Dunkin’, Chipotle, Panera, Wendy’s, McDonald’s. Those are just a few of the big-name brands Lee Fry has worked with over the past 30 years as a real estate developer in Chicago. That gave Fry and his wife, Karin, plenty of time to vet and consider many companies and models, since they had always thought about owning their own franchise.
The timing was finally right in December 2020, when they bought an A&W restaurant in North Aurora, Illinois, from a retiring owner.
“What we realized is that the relationship between the franchisee and their developer, which was our company, was very intimate,” said Fry, who was there every step of the way from site selection to meeting with the city. Nearly every brand with a drive-thru model requires a special use permit, which means a public hearing with the city where everything is discussed—parking, hours of operation, zoning, traffic. Fry was able to apply those learnings to A&W, where he says the drive-thru is a “lifeblood” for the company’s sales.
“Having experience and dealing with all the corporate players in the world gave us a real solid heads up when we started talking with A&W, because we saw things there that we felt really good about and people we felt really good about,” Fry said. “Whenever you do something like this, you want to be associated with success—like a brand that’s 100 years old and people you’ve had a chance to talk to and respect.”
The Frys worked with the former franchisee, Mike Covelli, who spent two months introducing them to suppliers and making sure the transition went smoothly. Covelli is also helping them convert a shuttered Burger King in Addison, Illinois—which they bought in August—to an A&W as part of the Frys’ plans to own five restaurants. This coincides with the franchisor’s expansion plan that focuses on the Midwest, where many of the brand’s early locations opened.
“With Mike, what’s fantastic is the fact that he is typical of the people that we have met at A&W. They’ve been extremely helpful and have been totally open with regards to any questions,” said Fry, who was drawn to the 100 percent franchised brand especially for that reason. Founded in 1919, A&W has more than 900 locations in the U.S. and Asia.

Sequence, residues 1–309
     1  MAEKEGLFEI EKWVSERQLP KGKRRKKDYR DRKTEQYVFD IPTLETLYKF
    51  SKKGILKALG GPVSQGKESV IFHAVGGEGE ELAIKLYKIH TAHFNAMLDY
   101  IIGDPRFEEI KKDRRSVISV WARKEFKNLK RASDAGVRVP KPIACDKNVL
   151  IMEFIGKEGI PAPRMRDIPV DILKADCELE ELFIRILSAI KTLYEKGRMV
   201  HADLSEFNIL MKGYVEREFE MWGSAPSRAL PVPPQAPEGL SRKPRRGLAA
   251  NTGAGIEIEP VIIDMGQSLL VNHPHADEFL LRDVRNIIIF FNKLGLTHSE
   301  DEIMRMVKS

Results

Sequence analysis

“The fact that we’re dealing with a company that’s really owned by people who operate their own units is a strong, strong point on our side, and that was probably one of the most important elements in us making the decision to go with A&W,” he said.
The Addison restaurant is under construction and was set to open in February, but supply chain issues and equipment delays pushed them back 30 to 45 days. Nonetheless, Fry is excited about that particular location, he said, because it’s in a busy shopping center with a Walmart Supercenter and a Sam’s Club. Plus, the entrance to the restaurant is at a stop sign to those stores, which means people will be forced to stop and catch a waft of their salty fries before driving past. “Those are the types of locations we really like,” Fry added.
Nearly all of Covelli’s employees stayed at the North Aurora restaurant after the deal, so Fry is training some of them to move into upper management positions at the new Addison store after it opens.
“For lack of a more intelligent way to say it, I think it’s in his blood,” Fry said, referring to Covelli. “He had good success with the program, and not only helped us but enjoyed doing it. Any time you spend 20 years running a deal, there’s a certain amount of love that doesn’t go away when you sell it.”
The Frys are in negotiations for their third A&W, which they plan to build from the ground up and hope to be ready by next fall. In the meantime, Fry said they’re looking for other existing buildings in the Chicago area they could convert.
“Being in this business for a number of years, we have the advantage of seeing lots of things before they get out to the public, so where we see opportunities that make sense for us and A&W, we’re going to go for it,” Fry said.
Canadian Real Estate Prices Jump Another $17,000 and Growth Is Accelerating – Better Dwelling
Canadian home sales up 0.2% in December
The national average selling price was C$713,500 ($569,161) in December, up 17.7% from a year earlier, the industry group said.
($1 = 1.2536 Canadian dollars)
(Reporting by Julie Gordon in Ottawa)
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